At one end of the lake, Oakland East Bay Symphony Brass Quintet musicians performed a Scott Joplin ragtime. At another end, playing a rousing rendition of a Eurythmics classic, was the Brass Liberation Orchestra, whose usual venue is protests and demonstrations. In between were salsa and samba dancing, taiko drumming, and clowning by the young members of the Prescott Circus Theatre.
Taking it all in last Sunday were thousands of people happily displaying their Oakland love — dancing, biking and strolling around Lake Merritt. Oh yes, and there were lots of happy dogs as well — although they, unlike their owners, didn’t know that the lake is a National Historic Landmark and the site of the nation’s oldest wildlife refuge.
We were all celebrating “Love Our Lake Day,” which featured the Lake Merritt Boulevard grand opening celebration, made possible by the passage of Oakland Bond Measure DD a decade ago. Our congresswoman, governor and mayor, among other dignitaries, were on hand with big smiles.
It was an especially satisfying event for me. During my very first week as the new Executive Director of Children’s Fairyland 11 years ago, I met with then-Councilmember Danny Wan, one of the people behind Measure DD. The bond measure had been inspired by the work of two of my favorite Oakland rabble-rousers and visionaries, Naomi Schiff and James Vann. These design and preservation activists, who were part of CALM (Coalition of Advocates for Lake Merritt), knew that we could do better than the slimy tunnel and pedestrian-unfriendly 12-lane mini-freeway at the 12th Street end of the lake, and that removing the dam to return to a natural tidal flow could only be a good thing for our region’s abundant wildlife.
Danny asked me how Fairyland, a key feature of Lakeside Park, might use money from a possible bond measure. For starters, I told him, we could improve our drainage system and a lot of our decaying infrastructure. We could refurbish and expand our historic puppet theater, re-imagine a long-closed tunnel, and — a big dream — build the region’s only children’s performing arts theater.
Fairyland ended up being only a tiny part ($2.8 million) of a huge ($198 million) bond measure, but the opportunity for us was enormous. When Fairyland’s projects were completed three years ago, our wish list turned into dazzling reality.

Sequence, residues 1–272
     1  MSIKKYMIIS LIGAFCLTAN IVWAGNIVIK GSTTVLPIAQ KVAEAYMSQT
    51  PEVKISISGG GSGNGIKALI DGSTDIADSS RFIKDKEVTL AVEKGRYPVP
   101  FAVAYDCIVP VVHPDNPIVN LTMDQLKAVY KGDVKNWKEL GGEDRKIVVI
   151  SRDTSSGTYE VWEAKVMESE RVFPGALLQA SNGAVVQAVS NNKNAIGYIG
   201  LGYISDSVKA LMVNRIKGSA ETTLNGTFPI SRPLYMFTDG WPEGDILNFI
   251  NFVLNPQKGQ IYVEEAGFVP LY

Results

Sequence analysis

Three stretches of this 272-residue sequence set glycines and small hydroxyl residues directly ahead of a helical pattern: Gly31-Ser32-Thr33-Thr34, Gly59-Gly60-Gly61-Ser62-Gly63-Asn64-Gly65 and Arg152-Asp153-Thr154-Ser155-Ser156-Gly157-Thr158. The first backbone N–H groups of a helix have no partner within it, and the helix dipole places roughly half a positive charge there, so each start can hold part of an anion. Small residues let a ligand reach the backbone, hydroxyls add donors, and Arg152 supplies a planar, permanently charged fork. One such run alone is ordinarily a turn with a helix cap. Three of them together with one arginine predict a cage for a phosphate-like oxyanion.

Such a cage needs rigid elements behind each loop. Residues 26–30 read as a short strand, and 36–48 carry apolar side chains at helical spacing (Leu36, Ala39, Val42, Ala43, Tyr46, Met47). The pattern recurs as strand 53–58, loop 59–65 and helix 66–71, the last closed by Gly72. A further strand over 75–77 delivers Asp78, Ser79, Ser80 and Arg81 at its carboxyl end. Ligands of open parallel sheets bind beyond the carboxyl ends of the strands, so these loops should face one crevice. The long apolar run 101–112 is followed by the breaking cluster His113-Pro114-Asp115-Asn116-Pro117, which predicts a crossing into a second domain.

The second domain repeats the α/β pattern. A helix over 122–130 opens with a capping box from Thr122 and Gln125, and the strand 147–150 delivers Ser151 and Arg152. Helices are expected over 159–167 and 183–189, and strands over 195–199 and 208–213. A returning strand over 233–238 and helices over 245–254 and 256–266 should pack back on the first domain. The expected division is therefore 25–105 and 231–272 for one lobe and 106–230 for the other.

I volunteered for the Measure DD campaign, and we were all amazed and delighted when the “Clean Water and Safe Parks” measure was approved by a whopping 80 percent of Oakland voters. With oversight by the Measure DD Coalition, 56 projects were undertaken, including the creation of the East Oakland Sports Center, creek restorations and the transformation of the Municipal Boathouse: all projects planned for the benefit and enjoyment of Oakland’s residents and visitors.
At the dedication ceremony last Sunday, Mayor Quan said she hoped that with the reinstatement of marshland around the lake we may once again have coral growing here — “a symbol of our renaissance.” Congresswoman Barbara Lee spoke of the amazing diversity of our city’s landscape, plants and animals — and of our people. “Nowhere is this diversity displayed more clearly than at Lake Merritt,” she said.
Governor Jerry Brown said the successful project demonstrated that “with enough money and good taste, you can do wonderful things.” Not even a heckler could dampen his enthusiasm. “Let’s give him a ride on the high-speed rail at 400 miles per hour,” the governor quipped. He closed by saying that Oakland is the best city in California, a statement that no one present was in a mood to dispute.
What followed next was a song performed by a young woman by the name of Andrea President. (“Yes, that’s my real name.”) “Oakland, You Are My Song,” speaks of the hard-working people and the physical beauty that make it the kind of place where “I’m proud to know my way around.”
Measure DD projects are not yet complete. Major public arts projects are still underway: the 12th Street Bridge pedestrian underpass, the 10th Street Bridge Channel, the Lakeside Green Streets rain garden and the entrance gates for the Gardens of Lake Merritt.
But with the majority of the project completed, it was clearly time to celebrate, and we all did. As Naomi Schiff put it, “Sometimes the good guys win.” In this case, the good guys included private citizen-activists, the city of Oakland and other public agencies, and the voters who made it all happen.
At the end of the formal dedication, I sought out Joel Peter. As the Measure DD project director for a decade before his recent retirement, Joel had played a key role in the project’s oversight and ultimate success. Joel is a quiet and unassuming guy who never once seemed flustered by the many challenges of the job he had. On Sunday he was smiling. What was his favorite part of the many-faceted project, I asked him. “Every time I walk around the lake I stop in the middle of the pedestrian bridge and watch the water flow (from the estuary to the lake),” he said. It’s also a great view, he added.
Even in his retirement, which involves lots of hiking and sea kayaking, Joel can’t let go of his attachment to the lake. He and Jennie Girard, another of the project’s leaders from the very beginning, are members of the Lake Merritt Weed Warriors, who meet the last Saturday of each month to do the maintenance work that can’t be done by city workers.
If you love the lake as much these two committed people do, keep the love coming. All are invited. Learn more at facebook.com/LakeMerrittWeedWarriors.